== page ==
The Telegraph
Thursday , June 5 , 2014
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Jessore Road: potholes fixed but faults remain

Where: Jessore Road, a 7km potholed stretch between Madhyamgram and the airport

When: August 2013

Travel time: Bone-rattling ride in a car for 2 hours and 30 minutes in the afternoon

Nine months later: Road repaired, distance covered in 23 minutes

How: A Rs 3.4-crore repair job did the trick

The potholes were big enough and aplenty to knock the “shocks” of any car travelling between the airport and the Barasat Dakbungalow crossing of Jessore Road.

This was last year. The nightmare road has been repaired since and it hardly looks the crater corridor that actor-legislator Chiranjit Chakraborty of Trinamul wanted renamed Uday Shankar Sarani after it made him “dance” in his car.

A ride along the thoroughfare last month revealed the contrast: the potholes were gone and the surface gleamed in its new asphalt coat. But the dreaded potholes were threatening to reappear after the recent spells of rain.

The road has become smoother but the perennial snarls persisted because the two-lane road carries traffic more than double its capacity.

The PWD, having repaired the road, has started the next part of the plan — widen the stretch from two lanes to four.

“We have passed the order and once the bidding process is complete, work on expanding the road to four lanes should start within five-six months,” said a PWD official.

The road is part of NH34 that the National Highways Authority of India (NHAI) returned to the state government last year after waiting four years for land to start the four-lane project.

PWD officials said the road has to be widened to cut snarls and frequent wear and tear because of the traffic volume.

A widened road might solve some of the problems but major faults could remain.

Metro lists the lows.

Surface makeover

The road’s top layer has been thickened with a 30mm bituminous cover while the base got around 80mm of the material in accordance with standards set for nationals highways. The reinforcement may ensure durability but the real test will be in monsoon.

“These are preliminary repairs. When the widening work starts, the road will get another coat of bitumen to guard it against monsoon wear and tear,” said a PWD engineer.

Lane dividers have been installed at several places along the stretch for safety. “Accidents happen along the bends. We have put dividers now, reducing the number of accidents,” an officer of Bidhannagar commissionerate said.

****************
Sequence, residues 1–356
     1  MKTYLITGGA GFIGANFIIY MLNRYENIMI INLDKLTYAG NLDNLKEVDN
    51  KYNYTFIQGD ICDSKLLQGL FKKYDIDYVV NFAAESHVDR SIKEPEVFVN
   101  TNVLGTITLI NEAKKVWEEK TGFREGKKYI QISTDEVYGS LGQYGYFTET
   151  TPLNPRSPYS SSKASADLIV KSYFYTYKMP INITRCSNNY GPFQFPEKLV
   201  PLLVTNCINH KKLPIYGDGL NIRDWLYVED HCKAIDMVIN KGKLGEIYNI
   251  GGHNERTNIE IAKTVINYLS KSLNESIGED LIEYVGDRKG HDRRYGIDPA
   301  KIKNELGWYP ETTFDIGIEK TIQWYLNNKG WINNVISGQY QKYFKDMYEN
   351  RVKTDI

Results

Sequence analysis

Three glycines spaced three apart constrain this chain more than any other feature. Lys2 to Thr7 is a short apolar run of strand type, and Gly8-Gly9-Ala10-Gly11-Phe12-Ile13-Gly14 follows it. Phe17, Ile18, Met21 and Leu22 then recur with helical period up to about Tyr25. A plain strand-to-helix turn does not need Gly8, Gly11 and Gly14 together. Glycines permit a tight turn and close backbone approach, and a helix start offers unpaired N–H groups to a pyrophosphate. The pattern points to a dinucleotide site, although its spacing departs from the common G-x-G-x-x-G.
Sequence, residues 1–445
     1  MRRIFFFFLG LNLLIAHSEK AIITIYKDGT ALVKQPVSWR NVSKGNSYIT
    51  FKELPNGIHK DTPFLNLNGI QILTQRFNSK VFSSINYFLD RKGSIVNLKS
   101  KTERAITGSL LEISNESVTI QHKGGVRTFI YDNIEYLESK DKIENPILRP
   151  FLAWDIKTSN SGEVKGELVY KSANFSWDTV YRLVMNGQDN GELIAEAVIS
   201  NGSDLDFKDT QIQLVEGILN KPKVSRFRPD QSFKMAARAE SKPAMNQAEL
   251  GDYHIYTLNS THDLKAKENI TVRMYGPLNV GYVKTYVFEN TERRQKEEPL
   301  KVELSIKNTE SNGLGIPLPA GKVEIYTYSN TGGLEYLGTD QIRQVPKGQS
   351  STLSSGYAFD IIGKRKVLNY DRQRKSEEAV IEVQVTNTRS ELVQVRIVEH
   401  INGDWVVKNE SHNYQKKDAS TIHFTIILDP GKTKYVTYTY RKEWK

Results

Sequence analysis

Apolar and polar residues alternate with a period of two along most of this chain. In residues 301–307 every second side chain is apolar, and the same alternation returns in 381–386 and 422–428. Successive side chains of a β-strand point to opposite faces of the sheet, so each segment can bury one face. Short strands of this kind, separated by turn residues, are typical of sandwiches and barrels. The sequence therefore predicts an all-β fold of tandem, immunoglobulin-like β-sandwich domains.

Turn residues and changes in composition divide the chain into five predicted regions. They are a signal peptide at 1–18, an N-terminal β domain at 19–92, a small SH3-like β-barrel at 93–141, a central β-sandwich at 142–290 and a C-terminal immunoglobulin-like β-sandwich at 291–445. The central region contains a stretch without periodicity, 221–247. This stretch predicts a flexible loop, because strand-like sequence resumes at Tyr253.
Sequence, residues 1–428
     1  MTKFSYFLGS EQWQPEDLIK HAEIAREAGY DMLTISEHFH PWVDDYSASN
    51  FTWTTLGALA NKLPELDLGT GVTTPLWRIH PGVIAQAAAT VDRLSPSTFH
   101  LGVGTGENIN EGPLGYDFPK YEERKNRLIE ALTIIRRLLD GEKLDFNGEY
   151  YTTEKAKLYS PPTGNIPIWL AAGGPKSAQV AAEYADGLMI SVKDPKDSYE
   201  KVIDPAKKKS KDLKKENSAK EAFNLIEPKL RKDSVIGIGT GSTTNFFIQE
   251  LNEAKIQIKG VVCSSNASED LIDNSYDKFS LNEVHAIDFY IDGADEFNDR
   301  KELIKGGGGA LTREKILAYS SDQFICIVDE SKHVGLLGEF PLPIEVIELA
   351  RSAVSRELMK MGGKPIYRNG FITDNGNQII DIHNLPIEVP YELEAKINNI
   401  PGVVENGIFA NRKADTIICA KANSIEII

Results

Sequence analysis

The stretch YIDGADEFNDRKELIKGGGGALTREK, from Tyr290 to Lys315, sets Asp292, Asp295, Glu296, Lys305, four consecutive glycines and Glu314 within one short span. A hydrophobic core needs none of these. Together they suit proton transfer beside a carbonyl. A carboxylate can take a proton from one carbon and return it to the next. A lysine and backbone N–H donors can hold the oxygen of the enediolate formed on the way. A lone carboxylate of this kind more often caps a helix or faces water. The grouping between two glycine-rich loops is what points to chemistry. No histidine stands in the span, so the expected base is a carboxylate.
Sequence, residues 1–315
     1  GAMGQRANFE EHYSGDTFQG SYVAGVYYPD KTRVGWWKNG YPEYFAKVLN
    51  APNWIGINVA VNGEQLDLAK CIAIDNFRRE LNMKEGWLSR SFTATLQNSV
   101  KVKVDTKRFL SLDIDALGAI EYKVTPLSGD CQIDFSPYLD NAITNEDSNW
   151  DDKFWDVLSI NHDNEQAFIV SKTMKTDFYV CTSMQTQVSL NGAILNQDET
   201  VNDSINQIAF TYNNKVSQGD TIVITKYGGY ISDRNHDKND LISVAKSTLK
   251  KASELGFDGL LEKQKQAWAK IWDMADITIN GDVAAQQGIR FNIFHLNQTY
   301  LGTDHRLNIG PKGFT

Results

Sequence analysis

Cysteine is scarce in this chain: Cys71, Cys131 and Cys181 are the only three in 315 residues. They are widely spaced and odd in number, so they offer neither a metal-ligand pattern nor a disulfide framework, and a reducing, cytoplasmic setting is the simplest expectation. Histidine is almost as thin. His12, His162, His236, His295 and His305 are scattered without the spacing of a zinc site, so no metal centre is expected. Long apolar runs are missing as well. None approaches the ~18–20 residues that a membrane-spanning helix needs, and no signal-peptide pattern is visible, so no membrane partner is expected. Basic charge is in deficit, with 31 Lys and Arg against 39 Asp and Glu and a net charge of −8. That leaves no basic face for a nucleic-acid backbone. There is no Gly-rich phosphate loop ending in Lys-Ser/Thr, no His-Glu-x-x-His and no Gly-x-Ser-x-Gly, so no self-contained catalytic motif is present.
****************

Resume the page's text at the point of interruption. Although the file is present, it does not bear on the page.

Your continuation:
Illegal parking

A major reason for snarls on Jessore Road is illegal parking along the roadside from Birati to Madhyamgram. Cars crawl at crossings like Birati, Michaelnagar, BT College and New Barrackpore because illegally parked vehicles leave little space for traffic.

Vehicles remain parked under “No Parking” signs, though the number of signages have increased over the past few months. In the absence of surveillance, illegal parking thrives.

Residents allege that policemen charge a “monthly fee” of Rs 500 to look the other way. Police denied the allegation, saying they book “a lot of offenders”.


Shanties, roadside shops, garages, heaps of building material, bus and taxi stands eat up half the road space.

Buses of routes 223, 30B/1 and 45 remain parked along the roadside any time of the day near the BT College and Birati crossings. “The road has been repaired but traffic movement will never get better unless the shanties and illegal garages are removed,” said Akshay Tripathi, a resident of Barasat.

Commuters said the practice of dumping building material on the roadside has to stop to clear the carriageway. Many bikers had skidded on spillover sand from heaps kept on the footpath.

Speed limit

Overloaded lorries speed along the road — beyond the 60kmph limit — with little regard for traffic rules and fellow motorists. Trucks are not allowed on Jessore Road between 6am and 1pm and 4pm and 10pm but the rule is seldom followed.

Dark danger

The stretch plunges into darkness after sunset because the PWD had uprooted lamp posts and traffic signals over four months ago to clear the way for widening the road.

Several portions have been expanded but the lights were yet to return. Signal-less crossings are the most dangerous because these are either unmanned or managed by a single constable holding an ineffective light stick after dusk.

Goutam Das, who returns home at night on his motorbike, said the dark corridor in front of Michaelnagar was the scariest. “I can’t see a thing… the beam from truck headlights is blinding in the dark. You can’t imagine how risky it is.”

Missing cops

Vagabonds, not policemen, were found at several police booths along the stretch.

A handful of traffic volunteers and home guards, who have no power to prosecute offenders, were seen directing traffic at congested places like Birati, BT College and Michaelnagar. Motorists and bikers broke rules at will, leaving the volunteers blowing their whistles helplessly.

Driving on wrong flanks and choking both sides of the road were the prime reasons behind the congestion on Jessore Road.

On the airport side of Belghoria Expressway, buses and trucks climb the road divider to take U-turns. “Since we have no power to book the driver, no one listens to us,” a volunteer said.

“We don’t have enough men to manage traffic. We had to hire volunteers on an annual contract,” said a senior officer of Bidhannagar commissionerate.